Major study just published with preliminary data from a small town that was a major early center of the Covid-19 outbreak in Germany. They found that 14% of the town tested positive for the virus but did not have an active infection, while 2% were ill. They found no evidence of virus transmission from surfaces; none of the cases they investigated started that way, and no surface they tested had transmissable virus on it. (A different and harder to answer question than just whether any viral particles are present.) They found that by far the most important means of transmission was people being together in groups.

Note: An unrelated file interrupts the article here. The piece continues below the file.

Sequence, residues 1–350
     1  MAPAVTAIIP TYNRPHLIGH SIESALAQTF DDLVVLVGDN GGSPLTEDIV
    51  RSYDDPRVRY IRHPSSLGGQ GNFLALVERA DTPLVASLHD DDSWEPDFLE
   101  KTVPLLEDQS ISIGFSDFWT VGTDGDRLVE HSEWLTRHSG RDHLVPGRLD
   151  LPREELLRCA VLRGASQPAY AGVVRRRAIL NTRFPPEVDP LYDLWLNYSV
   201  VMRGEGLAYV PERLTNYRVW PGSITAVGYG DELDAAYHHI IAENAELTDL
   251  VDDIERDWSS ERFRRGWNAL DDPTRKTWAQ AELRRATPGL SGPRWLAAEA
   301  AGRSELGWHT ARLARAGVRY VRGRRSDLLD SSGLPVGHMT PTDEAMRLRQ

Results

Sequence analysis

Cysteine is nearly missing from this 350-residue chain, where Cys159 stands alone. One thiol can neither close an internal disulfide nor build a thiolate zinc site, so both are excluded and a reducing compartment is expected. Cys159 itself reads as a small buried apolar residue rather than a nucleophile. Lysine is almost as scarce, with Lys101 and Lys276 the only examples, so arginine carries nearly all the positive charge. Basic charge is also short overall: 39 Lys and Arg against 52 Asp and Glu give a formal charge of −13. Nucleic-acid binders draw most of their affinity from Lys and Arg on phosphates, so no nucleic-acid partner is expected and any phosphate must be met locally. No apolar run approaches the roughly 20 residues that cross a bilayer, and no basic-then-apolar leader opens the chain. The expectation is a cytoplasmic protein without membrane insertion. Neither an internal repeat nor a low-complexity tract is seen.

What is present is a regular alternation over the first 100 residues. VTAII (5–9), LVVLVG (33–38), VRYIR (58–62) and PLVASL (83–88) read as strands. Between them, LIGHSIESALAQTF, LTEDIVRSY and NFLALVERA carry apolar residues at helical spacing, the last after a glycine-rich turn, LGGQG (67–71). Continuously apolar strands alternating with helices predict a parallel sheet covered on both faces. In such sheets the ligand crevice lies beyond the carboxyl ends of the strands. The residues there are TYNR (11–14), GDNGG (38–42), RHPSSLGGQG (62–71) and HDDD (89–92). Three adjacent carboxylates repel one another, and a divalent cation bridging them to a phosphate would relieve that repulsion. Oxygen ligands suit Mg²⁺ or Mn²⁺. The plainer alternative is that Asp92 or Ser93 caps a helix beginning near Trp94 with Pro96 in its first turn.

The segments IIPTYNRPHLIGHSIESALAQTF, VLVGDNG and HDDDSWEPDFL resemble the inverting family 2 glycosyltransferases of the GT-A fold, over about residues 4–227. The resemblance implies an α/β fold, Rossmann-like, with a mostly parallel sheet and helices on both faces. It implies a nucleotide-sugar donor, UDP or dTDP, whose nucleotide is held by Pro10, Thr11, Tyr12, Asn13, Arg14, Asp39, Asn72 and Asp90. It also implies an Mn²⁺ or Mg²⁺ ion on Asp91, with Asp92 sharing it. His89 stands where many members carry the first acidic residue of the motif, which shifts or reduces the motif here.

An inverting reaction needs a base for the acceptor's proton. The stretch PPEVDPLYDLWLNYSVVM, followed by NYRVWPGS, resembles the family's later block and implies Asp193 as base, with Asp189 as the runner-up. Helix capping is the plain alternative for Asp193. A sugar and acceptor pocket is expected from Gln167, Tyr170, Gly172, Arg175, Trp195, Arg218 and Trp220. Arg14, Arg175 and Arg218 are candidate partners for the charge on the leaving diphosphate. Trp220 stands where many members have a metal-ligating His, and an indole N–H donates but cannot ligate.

I thought this was interesting for pondering how we are going to cope with this over the next two years or so until we can all get vaccinated. Social distancing is working but we can't stay on lockdown for two years. It may turn out that we simply have to stop getting together in crowds for the duration. Me, I hate crowds and I'm fine with that, but it will be very hard on others. And how can people in a city like New York live at all while avoiding crowds?
I imagine I will be working at home for the duration, to avoid crowding Washington's public transit system etc. But I wonder how many others will be able to go back to work, and how.